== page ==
Is AI good or Bad?

I wrote some computer software in the 1980s for Computer Aided Design, that automated many tasks. As a result, architects and engineers were able to produce drawings 10x faster and more accurately than ever before. People were afraid that this was going to cause the designs to be very “machine-like,” lacking any creativity. There were also afraid that it was going to displace thousands of jobs. But the opposite happened: jobs were not replaced – they were created! And designers got more creative, coming up with ideas that previously were difficult to show, especially in 3D.
I firmly believe the same thing is going to happen with AI. Smart entrepreneurs are being given the chance of a lifetime to get in on the ground floor with AI.
While many technologists are spreading fear about AI and calling for it to slow down and/or be regulated, I really believe this is sending the wrong message. One critic even stated, AI is literally demonic. It should be banned. To make a thing that can pretend to be human well enough to fool humans – but it is not human. No soul, no emotion, no lived experience or memories – people will be eager to surrender their duties and responsibilities to these machines, and the machines will not be capable of ethics or morals. It has no will or spark of human truth in any communication it generates. The skills that humans possessed which were fed to these mineral creatures will degrade and wither and be lost arts. There’s no upside to creating this except small groups of people will make large amounts of money for a small amount of time.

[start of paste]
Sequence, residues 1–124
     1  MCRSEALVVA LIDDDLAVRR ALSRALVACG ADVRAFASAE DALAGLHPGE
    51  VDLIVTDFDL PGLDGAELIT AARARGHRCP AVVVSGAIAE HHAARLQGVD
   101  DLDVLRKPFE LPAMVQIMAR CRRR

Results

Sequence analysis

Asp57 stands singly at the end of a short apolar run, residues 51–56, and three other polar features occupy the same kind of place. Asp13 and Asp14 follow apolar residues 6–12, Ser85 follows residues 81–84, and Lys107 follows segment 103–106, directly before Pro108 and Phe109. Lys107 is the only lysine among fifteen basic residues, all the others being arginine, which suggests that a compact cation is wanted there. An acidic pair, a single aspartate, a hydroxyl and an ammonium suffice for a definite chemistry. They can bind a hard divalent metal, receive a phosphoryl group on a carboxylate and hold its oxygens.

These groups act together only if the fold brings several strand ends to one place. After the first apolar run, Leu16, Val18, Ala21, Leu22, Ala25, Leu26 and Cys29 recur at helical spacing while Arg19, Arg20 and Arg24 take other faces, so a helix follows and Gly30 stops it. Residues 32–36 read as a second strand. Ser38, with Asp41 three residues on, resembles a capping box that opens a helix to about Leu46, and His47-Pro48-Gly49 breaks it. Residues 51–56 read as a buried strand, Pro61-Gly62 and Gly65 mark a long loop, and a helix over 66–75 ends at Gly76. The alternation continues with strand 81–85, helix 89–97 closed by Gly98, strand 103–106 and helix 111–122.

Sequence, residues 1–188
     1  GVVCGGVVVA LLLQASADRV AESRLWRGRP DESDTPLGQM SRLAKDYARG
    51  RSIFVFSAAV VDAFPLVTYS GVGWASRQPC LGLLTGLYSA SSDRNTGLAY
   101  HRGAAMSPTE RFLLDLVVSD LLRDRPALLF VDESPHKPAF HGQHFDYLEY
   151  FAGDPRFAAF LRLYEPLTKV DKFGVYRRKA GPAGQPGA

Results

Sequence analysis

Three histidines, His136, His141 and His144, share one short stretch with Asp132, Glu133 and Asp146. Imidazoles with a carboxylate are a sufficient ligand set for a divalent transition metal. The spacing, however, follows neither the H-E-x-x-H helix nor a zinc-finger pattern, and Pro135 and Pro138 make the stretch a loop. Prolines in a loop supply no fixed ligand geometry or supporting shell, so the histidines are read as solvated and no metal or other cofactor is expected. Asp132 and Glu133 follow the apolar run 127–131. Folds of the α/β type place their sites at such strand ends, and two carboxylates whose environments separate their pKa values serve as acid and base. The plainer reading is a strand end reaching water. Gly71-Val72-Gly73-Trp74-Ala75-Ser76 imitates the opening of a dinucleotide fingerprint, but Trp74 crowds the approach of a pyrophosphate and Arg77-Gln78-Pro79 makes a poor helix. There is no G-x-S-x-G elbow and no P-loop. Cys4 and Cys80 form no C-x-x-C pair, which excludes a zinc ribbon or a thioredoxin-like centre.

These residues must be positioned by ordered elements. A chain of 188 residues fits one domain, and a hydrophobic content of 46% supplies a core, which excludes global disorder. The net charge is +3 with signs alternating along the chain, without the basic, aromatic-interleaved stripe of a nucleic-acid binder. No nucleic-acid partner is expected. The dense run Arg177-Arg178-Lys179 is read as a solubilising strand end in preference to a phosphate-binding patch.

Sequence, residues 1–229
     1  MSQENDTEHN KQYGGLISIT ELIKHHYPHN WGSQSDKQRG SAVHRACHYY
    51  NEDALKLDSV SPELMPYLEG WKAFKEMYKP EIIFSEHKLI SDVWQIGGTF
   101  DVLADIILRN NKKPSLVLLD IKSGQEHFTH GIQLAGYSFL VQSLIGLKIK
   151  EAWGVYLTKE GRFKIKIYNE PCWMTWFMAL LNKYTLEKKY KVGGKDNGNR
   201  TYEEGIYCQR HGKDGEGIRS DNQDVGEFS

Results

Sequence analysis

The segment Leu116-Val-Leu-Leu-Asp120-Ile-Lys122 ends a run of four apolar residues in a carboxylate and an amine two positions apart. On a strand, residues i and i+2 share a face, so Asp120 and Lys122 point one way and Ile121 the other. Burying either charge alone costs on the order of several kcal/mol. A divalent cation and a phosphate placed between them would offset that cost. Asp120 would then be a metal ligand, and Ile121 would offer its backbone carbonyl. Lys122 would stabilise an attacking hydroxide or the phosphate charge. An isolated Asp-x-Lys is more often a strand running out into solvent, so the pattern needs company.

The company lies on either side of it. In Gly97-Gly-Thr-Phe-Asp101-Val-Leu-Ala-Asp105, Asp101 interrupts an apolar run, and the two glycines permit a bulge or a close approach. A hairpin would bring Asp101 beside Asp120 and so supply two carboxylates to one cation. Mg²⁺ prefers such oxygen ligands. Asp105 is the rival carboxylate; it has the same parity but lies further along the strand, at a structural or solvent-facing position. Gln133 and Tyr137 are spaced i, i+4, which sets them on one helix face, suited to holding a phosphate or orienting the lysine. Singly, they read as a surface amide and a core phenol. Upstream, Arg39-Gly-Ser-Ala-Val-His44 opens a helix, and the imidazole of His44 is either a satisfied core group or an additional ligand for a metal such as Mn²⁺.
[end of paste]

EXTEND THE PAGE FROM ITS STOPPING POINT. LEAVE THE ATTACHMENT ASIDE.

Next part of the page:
That is a pretty dystopian way of looking at the future. But the news likes to sensationalize things, such as this article about IBM pausing hiring for jobs that can be done by AI. And Geoffrey Hinton quitting Google as he warns about the dangers of AI. (Note: Hinton is 75 and is retiring).
And then there is the now famous letter signed by Elon Musk and others calling for a halt on the development of AI. Some industry experts, like LinkedIn cofounder Reid Hoffman, claimed Musk’s signature on the letter is just jealousy. Musk left OpenAI in 2018, and Hoffman said Musk and others want the pause so they can catch up and offer their own AI products. Business Insider reports that Twitter, owned by Musk, is spending millions to get in on the generative AI boom and is looking to create an AI chatbot that will rival OpenAI’s ChatGPT.
Other AI experts say the technology will actually create a large number of employment opportunities. A World Economic Forum report states that 97 million new jobs will be created by 2025 due to AI and generate $15.7 trillion for the economy by 2030 while eliminating mundane tasks and helping workers enjoy more creativity. The question is no longer whether AI will change the workplace; it’s how companies can successfully use it in ways that enable – not replace – the human workforce. AI will help to make humans faster, more efficient, and more productive.